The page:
EXACTLY 11 YEARS LATER, PHILS GET SOME PAYBACK FROM THE CARDS!

By Peter Gleason

Real Phillies fans — not the snowflakes who melt when Nick Castellanos swings at another bad pitch or Seranthony Dominguez has a terrible outing — remember Oct. 7, 2011, like it was yesterday.

Ryan Howard writhing in pain on the ground in the batter’s box, unable to run because of a torn Achilles tendon that would effectively end his career as a great Phillies hitter.

Between Oct. 7, 2011 and yesterday — 11 years exactly — the Phillies played no playoff games.

Back in 2011, a vaunted Phillies team that won 102 games fell to a 90-win Cardinals team that shut them out for the final 10 innings of the NLDS.

On Friday, in Game 1 of the NL wild card series, history seemed to be repeating itself.

The Cardinals pulled ahead by a nose, despite the excellence of Phillies starter Zack Wheeler, and kept the Phillies scoreless for eight innings. Ryan Helsley, he of the 1.25 regular season ERA and 100 mph fastball, was coming back for the ninth.

In the last game of that last Cardinals series, in their last postseason, the Phillies crumpled. That was the verb. It was the only way to describe the series, the only way to describe the way former NL MVP Howard fell after tearing his Achilles making the final out of NLDS Game 5.

After that game — in which Chris Carpenter out-dueled Roy Halladay — a great many of the people involved seemed to sense the magnitude of the loss, even if they couldn’t have known how long it would echo. In the aftermath of the Cardinals’ clinch, then-Phillies manager Charlie Manuel said, “Right now, I’ve got some anger, I’ve got some … I don’t know, I just feel very empty.”

Empty the Phillies would stay. They kept their core intact, almost certainly too long, and fell apart. The Cardinals watched Albert Pujols leave for Los Angeles, and kept winning anyway.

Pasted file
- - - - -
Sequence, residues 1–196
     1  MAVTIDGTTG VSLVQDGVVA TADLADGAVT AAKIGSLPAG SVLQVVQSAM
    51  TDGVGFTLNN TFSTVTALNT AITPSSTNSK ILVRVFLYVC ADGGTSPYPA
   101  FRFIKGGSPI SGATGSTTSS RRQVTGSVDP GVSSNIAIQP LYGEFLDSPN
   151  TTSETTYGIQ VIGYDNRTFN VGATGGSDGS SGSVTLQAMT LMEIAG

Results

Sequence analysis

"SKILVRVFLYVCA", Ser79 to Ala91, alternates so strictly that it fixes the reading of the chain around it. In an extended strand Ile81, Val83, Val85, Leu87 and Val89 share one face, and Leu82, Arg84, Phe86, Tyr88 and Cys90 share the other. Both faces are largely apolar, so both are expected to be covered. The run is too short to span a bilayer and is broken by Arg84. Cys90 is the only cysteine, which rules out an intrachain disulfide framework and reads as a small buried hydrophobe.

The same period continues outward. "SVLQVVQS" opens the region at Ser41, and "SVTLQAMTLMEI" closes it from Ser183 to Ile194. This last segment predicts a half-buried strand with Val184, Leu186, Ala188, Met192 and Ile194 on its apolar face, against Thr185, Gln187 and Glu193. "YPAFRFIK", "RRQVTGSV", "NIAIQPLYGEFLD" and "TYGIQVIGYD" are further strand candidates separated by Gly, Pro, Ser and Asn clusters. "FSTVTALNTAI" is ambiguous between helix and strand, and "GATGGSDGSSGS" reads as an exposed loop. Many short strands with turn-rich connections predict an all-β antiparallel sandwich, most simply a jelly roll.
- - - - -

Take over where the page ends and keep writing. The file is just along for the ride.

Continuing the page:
“I’ve thought about it a lot, because it became almost like a fork in the road — one went right and one went left,” Cardinals president of baseball operations John Mozeliak told the New York Times.

“It was such an epic game, probably one of the greatest games any of us have gotten to watch, two incredible pitchers going head to head, our first two hitters scored the one run and then it was just shutdown city. For us it became more of a springboard, and in the Phillies’ case, it became a turning point for their franchise.”

On Friday, the Cardinals had Pujols back, batting second. The Phillies had the fruits of an eventual rebuild that required a reboot. Even with aggressive moves and bountiful spending that lured and kept Bryce Harper, J.T. Realmuto, Kyle Schwarber and Wheeler, the franchise’s wait for a playoff berth would have extended to 12 years if MLB and the players union hadn’t agreed to expand the postseason field to 12 teams.

There was a sense that the Phillies couldn’t make it work when they should and that the Cardinals always make it work, even when they shouldn’t.

Down 2-0, heading to the ninth inning on Friday, none of the first eight hitters due up for the Phillies had ever played in a postseason series victory. Six of them had never played in the postseason at all. And the deficit they were tasked with overcoming seemed to predate them all.

After Rhys Hoskins struck out, Realmuto singled and then Helsley, the Cardinals closer, began to lose his grip on the zone. Struggling with a finger injury that took him out of his last appearance, he walked Harper and Nick Castellanos to load the bases.

Then came Alec Bohm. The lanky 26-year-old third baseman has borne the brunt of expectations and frustrations in Philadelphia. Friday, he took a wild 101 mph fastball off the arm, and popped up exuberant. There would be not be another zero. The Cardinals’ lead was now 2-1.

Jean Segura came to bat next. He reached the majors in July 2012 and has played steadily, productively ever since. Like the Phillies, he had never seen action in October in that stretch.

Facing Andre Pallante, a rookie whose presence in the game seemed designed to elicit a double play, Segura poked a ground ball to second base. It could well have been a double play, a sudden and deflating end to a game Wheeler started so brilliantly.

This one, though, snuck through a Cardinals infield that rated as far and away the best defensive unit in baseball. The Phillies led 3-2. Then came another grounder, a fielder’s choice that Paul Goldschmidt threw home too late, and another after that, a single that got by Nolan Arenado.

By the end, the Phillies had erupted for six runs, eventually winning 6-3 by flying straight into the Cardinals’ biggest strength. On Saturday, they will have the chance to punch a ticket to the NLDS, and they’ll have Aaron Nola on the mound to spearhead that effort. The series is far from won, but the team with Nola heading to the mound now has a significant upper hand.

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